Address: Calçada do Combro, 58
Phone:+351 21 591 4011
The best thing about this place is the guy that imagined that his life achievement was to transform the top level of a parking garage on the top of Lisbon’s bohemian hill into a terrace bar. Well, let me say that he did it! Simply called park it is self-entitled as the first suspended garden of Lisbon, where the young and daring youngsters of the Lisbon trendy society come for drinks.
You might think that its location views of the Lisbon western reed roofline easing its way into the Tagus are its greatest assets, or the incredibly engaging music selection of jazz, deep house or synth pop, but it’s the young, witty and creative atmosphere that it is associated to and that its avid customers connect to. When the sun goes down, the moonlight is all that you need to realize that you drink is over and you need another one to share the good times with your friends.The other very interesting aspect of the success of this place is the ability that it has to be spoken as a pseudonym for a Lisbon trendsetter, who is constantly on the forefront of Lisbon’s urban Culture. Ahh, I forgot to say that the barkeeps and cocktails right up there with your desire to spend the rest of your life at this place…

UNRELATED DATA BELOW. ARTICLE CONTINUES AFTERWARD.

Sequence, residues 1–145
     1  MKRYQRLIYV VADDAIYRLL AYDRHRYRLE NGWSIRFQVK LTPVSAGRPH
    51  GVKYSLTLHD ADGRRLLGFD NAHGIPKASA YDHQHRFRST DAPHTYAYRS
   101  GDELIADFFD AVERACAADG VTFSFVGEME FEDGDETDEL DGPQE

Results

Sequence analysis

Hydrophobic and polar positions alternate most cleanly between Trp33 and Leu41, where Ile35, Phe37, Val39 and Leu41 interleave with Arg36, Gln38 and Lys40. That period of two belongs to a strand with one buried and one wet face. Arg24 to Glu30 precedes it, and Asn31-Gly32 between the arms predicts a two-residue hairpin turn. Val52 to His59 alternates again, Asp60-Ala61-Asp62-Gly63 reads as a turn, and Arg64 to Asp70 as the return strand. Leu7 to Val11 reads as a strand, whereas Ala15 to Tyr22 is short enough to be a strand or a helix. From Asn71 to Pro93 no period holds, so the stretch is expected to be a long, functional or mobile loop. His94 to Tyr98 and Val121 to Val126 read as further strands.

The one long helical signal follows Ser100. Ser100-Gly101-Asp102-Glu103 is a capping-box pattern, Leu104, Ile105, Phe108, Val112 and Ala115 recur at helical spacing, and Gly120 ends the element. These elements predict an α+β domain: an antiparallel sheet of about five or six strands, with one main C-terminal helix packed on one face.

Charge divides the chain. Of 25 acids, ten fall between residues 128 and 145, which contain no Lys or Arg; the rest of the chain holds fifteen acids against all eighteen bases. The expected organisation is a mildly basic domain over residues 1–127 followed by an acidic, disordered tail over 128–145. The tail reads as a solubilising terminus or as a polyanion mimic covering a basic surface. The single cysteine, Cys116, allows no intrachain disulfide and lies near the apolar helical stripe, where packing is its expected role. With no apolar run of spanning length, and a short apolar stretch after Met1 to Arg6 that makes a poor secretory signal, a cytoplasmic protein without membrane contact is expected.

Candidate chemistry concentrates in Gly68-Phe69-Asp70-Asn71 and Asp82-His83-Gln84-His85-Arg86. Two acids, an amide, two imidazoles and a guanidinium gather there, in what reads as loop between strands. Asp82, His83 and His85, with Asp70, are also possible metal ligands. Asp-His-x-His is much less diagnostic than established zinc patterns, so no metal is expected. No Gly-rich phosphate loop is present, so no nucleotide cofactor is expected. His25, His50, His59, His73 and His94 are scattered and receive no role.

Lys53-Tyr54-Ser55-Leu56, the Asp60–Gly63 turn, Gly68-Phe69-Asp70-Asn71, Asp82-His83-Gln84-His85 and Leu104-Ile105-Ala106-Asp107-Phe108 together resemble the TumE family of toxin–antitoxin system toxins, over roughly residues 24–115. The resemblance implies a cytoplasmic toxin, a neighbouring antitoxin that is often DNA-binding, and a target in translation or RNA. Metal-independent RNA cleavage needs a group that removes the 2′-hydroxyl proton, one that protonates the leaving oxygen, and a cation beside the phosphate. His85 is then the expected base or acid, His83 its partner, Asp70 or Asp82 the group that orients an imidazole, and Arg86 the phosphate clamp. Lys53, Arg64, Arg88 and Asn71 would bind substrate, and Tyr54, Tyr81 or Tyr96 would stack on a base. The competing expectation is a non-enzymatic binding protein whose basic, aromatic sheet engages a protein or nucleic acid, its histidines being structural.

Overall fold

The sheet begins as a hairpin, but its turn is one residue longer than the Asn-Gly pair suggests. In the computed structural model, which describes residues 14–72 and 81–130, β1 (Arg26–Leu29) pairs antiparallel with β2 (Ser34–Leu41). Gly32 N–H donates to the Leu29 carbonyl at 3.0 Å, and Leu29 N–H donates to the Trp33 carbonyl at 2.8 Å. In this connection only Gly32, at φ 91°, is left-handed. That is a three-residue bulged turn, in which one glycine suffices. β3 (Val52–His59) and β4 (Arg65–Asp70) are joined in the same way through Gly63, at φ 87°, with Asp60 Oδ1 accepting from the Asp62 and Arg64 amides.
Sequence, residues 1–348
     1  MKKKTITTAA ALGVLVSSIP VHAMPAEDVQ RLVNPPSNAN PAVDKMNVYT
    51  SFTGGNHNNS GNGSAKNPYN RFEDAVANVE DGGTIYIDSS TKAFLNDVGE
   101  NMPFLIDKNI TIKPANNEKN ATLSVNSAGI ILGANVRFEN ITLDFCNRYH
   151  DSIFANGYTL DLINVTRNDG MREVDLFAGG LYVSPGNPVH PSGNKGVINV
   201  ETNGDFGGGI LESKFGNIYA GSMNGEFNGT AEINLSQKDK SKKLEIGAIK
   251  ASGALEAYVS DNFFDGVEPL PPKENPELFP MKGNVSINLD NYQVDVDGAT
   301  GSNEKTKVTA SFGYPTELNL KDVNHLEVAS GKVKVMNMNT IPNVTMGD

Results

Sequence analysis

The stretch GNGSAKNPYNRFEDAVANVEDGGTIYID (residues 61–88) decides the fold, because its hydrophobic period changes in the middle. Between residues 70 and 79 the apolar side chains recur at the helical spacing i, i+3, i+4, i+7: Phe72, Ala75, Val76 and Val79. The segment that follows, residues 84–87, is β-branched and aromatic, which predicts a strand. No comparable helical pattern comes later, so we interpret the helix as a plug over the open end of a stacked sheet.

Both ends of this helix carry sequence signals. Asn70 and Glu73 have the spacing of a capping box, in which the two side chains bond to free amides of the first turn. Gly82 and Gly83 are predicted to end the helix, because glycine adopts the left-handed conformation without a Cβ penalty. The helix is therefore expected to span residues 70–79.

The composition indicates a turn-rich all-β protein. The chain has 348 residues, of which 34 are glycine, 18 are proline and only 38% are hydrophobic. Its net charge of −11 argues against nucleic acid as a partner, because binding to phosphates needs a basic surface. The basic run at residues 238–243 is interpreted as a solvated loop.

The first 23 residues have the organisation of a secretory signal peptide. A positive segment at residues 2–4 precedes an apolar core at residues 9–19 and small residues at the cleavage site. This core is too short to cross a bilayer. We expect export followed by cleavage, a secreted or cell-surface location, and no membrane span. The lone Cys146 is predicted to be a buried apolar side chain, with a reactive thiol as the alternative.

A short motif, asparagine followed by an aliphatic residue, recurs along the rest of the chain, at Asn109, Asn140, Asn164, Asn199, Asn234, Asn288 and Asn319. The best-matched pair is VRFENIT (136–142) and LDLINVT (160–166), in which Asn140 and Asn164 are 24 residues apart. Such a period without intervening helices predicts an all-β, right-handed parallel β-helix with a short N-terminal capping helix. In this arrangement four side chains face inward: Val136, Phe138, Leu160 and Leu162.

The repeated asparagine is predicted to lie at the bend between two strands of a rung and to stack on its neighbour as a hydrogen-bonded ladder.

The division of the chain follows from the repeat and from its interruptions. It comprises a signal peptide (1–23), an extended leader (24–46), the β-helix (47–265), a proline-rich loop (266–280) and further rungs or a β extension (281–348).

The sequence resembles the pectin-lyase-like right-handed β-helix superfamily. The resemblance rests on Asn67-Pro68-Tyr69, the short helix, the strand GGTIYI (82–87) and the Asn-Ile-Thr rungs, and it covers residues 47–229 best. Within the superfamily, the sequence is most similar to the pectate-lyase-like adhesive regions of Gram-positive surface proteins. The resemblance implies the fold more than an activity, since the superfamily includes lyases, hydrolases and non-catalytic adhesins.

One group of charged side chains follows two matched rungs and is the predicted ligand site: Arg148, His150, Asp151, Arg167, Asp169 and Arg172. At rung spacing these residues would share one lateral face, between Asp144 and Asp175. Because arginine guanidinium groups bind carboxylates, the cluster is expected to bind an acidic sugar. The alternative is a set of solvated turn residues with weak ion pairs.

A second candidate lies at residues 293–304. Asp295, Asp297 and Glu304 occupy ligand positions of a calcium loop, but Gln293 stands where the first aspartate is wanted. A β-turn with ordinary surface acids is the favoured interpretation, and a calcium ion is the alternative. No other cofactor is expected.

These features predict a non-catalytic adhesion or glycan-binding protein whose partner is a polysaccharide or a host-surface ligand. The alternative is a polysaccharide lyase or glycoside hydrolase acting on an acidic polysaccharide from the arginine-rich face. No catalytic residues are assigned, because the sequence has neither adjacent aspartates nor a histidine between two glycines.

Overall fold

Merendinha do Arco
Merendinha do Arco by the Rossio Arch is just that place and it has become one my favourite “Tascas” – Portuguese local eateries – that serves the best char grilled cutlass fish (peixe espada) and red bean rice that I have ever eaten. It’s a small place, with no fancy décor, just what the owner has put in in the more than 20 years of running the place.
It starts being special from the outside as it is located just in front of a beautiful 19th century animatograph, which has been converted into a cabaret (aka peep show), and I am positive that it is safe to say that it is the most beautiful cabaret on earth. The restaurant seats about 30 persons sharing 3 communal tables and it always filled with only locals, which gives it an even more real experience feel.